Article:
The Victorian copper boiler – the 19th century washing machine

Before the luxury of the electric washing machine, our ancestors had to toil away with their washing in a Victorian copper washing boiler.

The ‘copper’ is now very much a thing of the past and most built-in versions were removed during the 20th century when labour saving gas and electric alternatives became available.

I’ve recently reinstated my house’s copper in the room that was formerly the scullery.

I’ve done much research and here’s what I learnt about these mysterious beasts!

The Victorian copper – a history

The ‘copper’ name came from the material of the washing boiler pan found in big houses. However, most Victorians had a boiling pan made of cheaper cast iron.

The Victorians often housed these pans in a brick structure which was located in the scullery or washing outhouse. However, freestanding ‘portable’ iron versions were also available.

Victorian 1895 builder's merchant catalogue showing copper parts and 'portable' coppers
1895 builder’s merchant catalogue showing copper parts and ‘portable’ coppers

Many were positioned next to a small cast iron range and their flues shared the same chimney stack. This range usually would not have been the house’s main range – this was located in the kitchen.

A Victorian housewife or servant used the copper on washday – typically Monday. At the end of the day, they emptied out the water using a ladle and oiled the iron pan to prevent rust. Posher versions had a built-tap which would drain the water into a bucket.

Interestingly, many households also used their copper to boil puddings wrapped in cloth, including Christmas puddings.

The Victorian copper – how it works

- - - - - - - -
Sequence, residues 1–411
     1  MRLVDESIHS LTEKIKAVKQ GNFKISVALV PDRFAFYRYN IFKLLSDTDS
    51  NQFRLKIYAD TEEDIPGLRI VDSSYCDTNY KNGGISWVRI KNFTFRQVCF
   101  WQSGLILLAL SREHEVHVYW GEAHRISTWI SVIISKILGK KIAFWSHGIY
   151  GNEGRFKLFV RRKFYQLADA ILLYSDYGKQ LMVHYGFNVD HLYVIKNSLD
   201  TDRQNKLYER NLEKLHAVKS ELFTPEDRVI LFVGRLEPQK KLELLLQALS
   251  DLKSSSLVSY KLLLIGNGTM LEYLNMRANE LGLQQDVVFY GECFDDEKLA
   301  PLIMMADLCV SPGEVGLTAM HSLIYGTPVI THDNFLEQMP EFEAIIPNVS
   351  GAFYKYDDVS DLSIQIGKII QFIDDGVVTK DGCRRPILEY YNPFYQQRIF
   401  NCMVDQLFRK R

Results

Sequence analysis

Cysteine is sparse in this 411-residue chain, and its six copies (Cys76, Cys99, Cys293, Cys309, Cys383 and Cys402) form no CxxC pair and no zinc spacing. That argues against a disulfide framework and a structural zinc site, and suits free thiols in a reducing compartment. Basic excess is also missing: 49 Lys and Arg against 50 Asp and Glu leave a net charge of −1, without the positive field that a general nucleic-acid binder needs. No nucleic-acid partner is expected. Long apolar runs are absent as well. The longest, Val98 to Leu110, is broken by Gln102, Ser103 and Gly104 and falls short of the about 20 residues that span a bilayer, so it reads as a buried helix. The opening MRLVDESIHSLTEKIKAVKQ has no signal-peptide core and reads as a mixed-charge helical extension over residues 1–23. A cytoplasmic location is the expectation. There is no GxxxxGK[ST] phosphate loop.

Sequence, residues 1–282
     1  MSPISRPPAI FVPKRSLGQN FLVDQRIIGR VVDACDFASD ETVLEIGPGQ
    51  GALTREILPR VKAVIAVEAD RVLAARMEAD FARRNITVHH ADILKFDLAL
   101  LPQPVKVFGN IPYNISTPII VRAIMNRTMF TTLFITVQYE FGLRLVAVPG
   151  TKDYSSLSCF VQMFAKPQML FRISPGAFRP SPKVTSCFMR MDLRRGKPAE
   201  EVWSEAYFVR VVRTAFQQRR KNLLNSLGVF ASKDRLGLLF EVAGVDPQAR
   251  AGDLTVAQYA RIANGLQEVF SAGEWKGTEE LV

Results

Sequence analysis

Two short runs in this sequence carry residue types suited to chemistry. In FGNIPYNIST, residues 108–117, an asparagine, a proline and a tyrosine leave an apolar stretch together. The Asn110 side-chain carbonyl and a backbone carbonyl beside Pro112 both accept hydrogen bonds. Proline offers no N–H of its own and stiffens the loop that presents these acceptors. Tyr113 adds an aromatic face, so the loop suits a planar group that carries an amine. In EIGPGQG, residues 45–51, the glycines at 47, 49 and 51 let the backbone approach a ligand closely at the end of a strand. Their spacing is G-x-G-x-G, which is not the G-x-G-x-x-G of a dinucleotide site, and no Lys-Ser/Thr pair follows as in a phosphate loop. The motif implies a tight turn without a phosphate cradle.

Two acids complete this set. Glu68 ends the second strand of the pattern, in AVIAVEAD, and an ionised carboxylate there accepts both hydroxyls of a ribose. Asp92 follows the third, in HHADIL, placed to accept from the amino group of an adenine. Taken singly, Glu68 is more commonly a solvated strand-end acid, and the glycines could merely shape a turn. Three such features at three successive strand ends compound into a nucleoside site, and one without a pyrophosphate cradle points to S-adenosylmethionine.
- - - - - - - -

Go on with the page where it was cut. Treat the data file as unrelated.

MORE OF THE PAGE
The copper was built with a fire grate below the pan to heat the water, which was accessed through an iron door.

The Victorian housewife or servant used a wooden or copper ‘dolly’ or ‘posser’ to agitate the clothes in the boiling water. The modern washing machine does the same thing with its spinning action.

Better versions had a spiral brick flue built around the washing pan to ensure an even heat. These versions had little iron ‘soot doors’ which allowed easy cleaning around their intricate flues.

Victorian builder's guide showing a copper with a spiral flue
Victorian builder’s guide showing a copper with a spiral flue

However, the average Victorian builder made them more crudely with an open void around the pan’s sides with the heat and smoke escaping up the flue in the structure’s corner. The builder also tended to make the top from concrete.

Some surviving examples appear to have cast concrete tops which were perhaps supplied by a builders’ merchant. However, old photos show some copper tops were crudely smeared with concrete which was applied on site.

The end of an era

The coal-fired copper was dirty, labour intensive and took up a lot of space in the scullery. Therefore, there was a rush to get rid of them when a more convenient option became widely available from the 1930s.

Galvanised gas-fired coppers were their successor. My father remembers his mother used one of these in their 1950s council house.

These gave way to electric twin tubs and then the modern washing machine we know today.

Visit 1900s Social History for more information on Victorian and later coppers.

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